Romania ALDE

Adina-Ioana Vălean

Country: Romania
Group: Alliance of Liberals and Democrats for Europe (ALDE)
Party: Partidul Naţional Liberal (PNL)

Member of Petitions
Member of Industry, Research and Energy
Substitute of Budgets

Overview Adina-Ioana Vălean

Amendments: 283
...stronger: 35
...weaker: 157
...neutral: 91

Amendments by Adina-Ioana Vălean

(14) This Regulation does not address issues of protection of fundamental rights and freedoms or the free flow of data related to activities which fall outside the scope of Union law, nor does it cover the processing of personal data by the Union institutions, bodies, offices and agencies, which are subject to Regulation (EC) No 45/2001, or the processing of personal data by the Member States when carrying out activities in relation to the common foreign and security policy of the Union.
(19) Any processing of personal data of data subjects residing in the Union in the context of the activities of an establishment of a controller or a processor in the Union should be carried out in accordance with this Regulation, regardless of whether the processing itself takes place within the Union or not. Establishment implies the effective and real exercise of activity through stable arrangements. The legal form of such arrangements, whether through a branch or a subsidiary with a legal personality, is not the determining factor in this respect.
(20) In order to ensure that individuals are not deprived of the protection to which they are entitled under this Regulation, the processing of personal data of data subjects residing in the Union by a controller not established in the Union should be subject to this Regulation where the processing activities are related to the offering of goods or services to such data subjects, or to the monitoring of the behaviour of such data subjects..
  Comment: May be in conflict with international law. Discuss this Rating
(21) In order to determine(21) It should be ascertained whether a processing activity can be considered to ‘monitor the behaviour’ of data subjects, it should be ascertained whether individuals are tracked involves tracking of individuals on the internet with data processing techniques which consist of applying a ‘profile’ to an individual, particularly in order to take decisions concerning her or him or for analysing or predicting her or his personal preferences, behaviours and attitudes.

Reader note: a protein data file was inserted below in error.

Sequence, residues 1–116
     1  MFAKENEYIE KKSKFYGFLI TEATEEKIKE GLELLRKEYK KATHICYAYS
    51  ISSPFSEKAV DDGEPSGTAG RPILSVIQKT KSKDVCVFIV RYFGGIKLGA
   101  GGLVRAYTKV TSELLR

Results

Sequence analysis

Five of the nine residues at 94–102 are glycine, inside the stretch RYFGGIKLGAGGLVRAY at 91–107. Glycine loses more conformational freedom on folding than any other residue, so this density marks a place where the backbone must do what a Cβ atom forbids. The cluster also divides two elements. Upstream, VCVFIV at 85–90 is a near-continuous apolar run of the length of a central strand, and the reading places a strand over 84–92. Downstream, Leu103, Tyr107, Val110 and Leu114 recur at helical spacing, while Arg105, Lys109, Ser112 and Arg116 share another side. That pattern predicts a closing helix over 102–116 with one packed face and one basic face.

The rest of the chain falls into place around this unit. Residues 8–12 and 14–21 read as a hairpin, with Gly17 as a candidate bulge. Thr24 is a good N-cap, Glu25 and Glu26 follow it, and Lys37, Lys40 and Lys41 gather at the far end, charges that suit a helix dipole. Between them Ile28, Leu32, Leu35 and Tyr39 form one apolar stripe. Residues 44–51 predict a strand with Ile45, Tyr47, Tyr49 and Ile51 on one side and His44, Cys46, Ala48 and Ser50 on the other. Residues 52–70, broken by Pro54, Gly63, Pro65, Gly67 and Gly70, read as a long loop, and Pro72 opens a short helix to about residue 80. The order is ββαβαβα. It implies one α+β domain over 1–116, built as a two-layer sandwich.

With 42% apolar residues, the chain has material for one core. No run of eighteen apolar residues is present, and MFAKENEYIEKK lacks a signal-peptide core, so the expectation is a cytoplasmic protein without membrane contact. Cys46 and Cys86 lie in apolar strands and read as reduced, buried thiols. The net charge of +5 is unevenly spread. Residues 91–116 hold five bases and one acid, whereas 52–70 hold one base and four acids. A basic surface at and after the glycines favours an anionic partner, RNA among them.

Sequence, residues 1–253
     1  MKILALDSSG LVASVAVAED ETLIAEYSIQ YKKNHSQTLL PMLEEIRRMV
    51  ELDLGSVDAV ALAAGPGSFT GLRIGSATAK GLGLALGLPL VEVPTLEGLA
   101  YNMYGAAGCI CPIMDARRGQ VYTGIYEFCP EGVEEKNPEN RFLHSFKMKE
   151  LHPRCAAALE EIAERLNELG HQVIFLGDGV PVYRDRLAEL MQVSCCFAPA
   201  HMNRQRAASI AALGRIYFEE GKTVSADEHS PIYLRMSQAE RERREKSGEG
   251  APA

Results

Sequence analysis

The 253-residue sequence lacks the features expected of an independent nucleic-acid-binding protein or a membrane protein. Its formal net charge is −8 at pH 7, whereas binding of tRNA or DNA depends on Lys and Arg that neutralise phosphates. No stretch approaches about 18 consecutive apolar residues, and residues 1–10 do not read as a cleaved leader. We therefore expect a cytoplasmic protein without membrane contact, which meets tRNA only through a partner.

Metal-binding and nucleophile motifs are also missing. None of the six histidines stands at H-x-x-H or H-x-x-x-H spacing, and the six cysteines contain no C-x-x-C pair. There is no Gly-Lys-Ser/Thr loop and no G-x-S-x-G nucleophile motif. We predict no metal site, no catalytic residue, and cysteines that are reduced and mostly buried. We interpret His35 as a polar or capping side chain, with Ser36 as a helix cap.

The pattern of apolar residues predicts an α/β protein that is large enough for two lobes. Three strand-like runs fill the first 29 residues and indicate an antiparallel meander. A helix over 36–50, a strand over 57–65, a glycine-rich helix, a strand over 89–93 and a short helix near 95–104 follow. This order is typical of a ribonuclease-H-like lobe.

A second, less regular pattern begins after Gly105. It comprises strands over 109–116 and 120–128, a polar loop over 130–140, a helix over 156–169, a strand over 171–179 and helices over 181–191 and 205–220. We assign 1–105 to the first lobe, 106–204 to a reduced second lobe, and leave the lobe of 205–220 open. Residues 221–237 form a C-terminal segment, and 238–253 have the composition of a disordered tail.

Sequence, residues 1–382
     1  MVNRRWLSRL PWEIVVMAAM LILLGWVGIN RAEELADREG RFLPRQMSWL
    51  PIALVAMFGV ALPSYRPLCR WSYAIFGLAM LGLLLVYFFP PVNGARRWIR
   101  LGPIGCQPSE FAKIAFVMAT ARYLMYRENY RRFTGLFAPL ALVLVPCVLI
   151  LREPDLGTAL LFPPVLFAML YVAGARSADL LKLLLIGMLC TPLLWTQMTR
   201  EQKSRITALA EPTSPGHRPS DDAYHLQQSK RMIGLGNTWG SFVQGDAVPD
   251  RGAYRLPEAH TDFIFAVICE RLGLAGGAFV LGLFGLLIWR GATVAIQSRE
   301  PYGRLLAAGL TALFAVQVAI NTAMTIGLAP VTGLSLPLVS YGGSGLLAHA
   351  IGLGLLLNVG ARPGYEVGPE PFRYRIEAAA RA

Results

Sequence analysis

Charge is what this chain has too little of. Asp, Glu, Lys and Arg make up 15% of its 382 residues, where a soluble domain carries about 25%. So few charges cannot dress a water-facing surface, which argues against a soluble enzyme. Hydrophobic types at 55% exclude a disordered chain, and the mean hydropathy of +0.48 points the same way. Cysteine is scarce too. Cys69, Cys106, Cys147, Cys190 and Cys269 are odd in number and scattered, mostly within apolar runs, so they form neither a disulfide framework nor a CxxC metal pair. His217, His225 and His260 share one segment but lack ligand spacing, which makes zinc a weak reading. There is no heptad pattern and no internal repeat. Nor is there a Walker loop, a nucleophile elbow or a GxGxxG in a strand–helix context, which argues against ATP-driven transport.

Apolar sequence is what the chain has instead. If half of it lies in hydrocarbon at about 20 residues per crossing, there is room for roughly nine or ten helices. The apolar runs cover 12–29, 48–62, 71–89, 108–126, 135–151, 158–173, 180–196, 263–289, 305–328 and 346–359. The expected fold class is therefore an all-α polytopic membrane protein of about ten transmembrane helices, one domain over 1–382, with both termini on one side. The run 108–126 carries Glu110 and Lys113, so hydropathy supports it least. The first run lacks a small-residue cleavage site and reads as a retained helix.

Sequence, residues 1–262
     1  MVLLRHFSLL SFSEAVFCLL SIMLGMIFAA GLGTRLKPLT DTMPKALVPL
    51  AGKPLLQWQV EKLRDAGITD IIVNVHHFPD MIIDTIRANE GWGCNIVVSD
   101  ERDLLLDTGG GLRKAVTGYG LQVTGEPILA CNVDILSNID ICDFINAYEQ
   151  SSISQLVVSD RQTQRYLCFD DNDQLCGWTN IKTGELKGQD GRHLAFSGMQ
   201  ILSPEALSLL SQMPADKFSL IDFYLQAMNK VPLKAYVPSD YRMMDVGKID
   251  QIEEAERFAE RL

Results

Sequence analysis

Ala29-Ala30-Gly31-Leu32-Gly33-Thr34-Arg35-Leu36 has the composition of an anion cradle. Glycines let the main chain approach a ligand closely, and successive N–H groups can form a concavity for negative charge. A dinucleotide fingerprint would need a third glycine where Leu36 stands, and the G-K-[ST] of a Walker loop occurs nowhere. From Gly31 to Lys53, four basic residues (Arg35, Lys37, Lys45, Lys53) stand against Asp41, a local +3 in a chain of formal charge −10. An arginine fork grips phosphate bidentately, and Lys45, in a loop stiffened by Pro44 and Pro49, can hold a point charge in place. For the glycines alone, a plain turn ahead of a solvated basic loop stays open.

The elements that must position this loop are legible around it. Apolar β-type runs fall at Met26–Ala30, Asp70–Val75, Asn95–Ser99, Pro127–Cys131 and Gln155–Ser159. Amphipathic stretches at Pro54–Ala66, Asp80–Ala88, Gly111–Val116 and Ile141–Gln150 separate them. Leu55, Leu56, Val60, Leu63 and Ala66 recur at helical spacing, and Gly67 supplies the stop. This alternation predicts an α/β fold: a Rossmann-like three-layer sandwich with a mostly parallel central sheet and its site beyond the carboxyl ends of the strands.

(23) The principles of protection should apply to anyonly to specific information concerning an identified or identifiable person. To determine whether a person is identifiable, account should be taken of all the : (i) only of those means likely reasonably to be used either by the controller or by any other natural or legal person to identify the individual, and (ii) of the reasonably likeliness of a person being identified. The principles of data protection should not apply to data rendered anonymous in such a way that the data subject is no longer identifiable. from the data.
(23a) This Regulation recognises that pseudonymisation is in the benefit of all data subjects as, by definition, personal data is altered so that it of itself cannot be attributed to a data subject without the use of additional data. By this, controllers should be encouraged to the practice of pseudonymising data.
(24) When using online services, individuals may be associated with online identifiers provided by their devices, applications, tools and protocols, such as Internet Protocol addresses or cookie identifiers. This may leave traces which, combined with unique identifiers and other information received by the servers, may be used to create profiles of the individuals and identify them. It follows that identification numbers, location data, online identifiers or other specific factors as such need not necessarily be considered as personal data in all circumstances.
  Comment: Intention unclear Discuss this Rating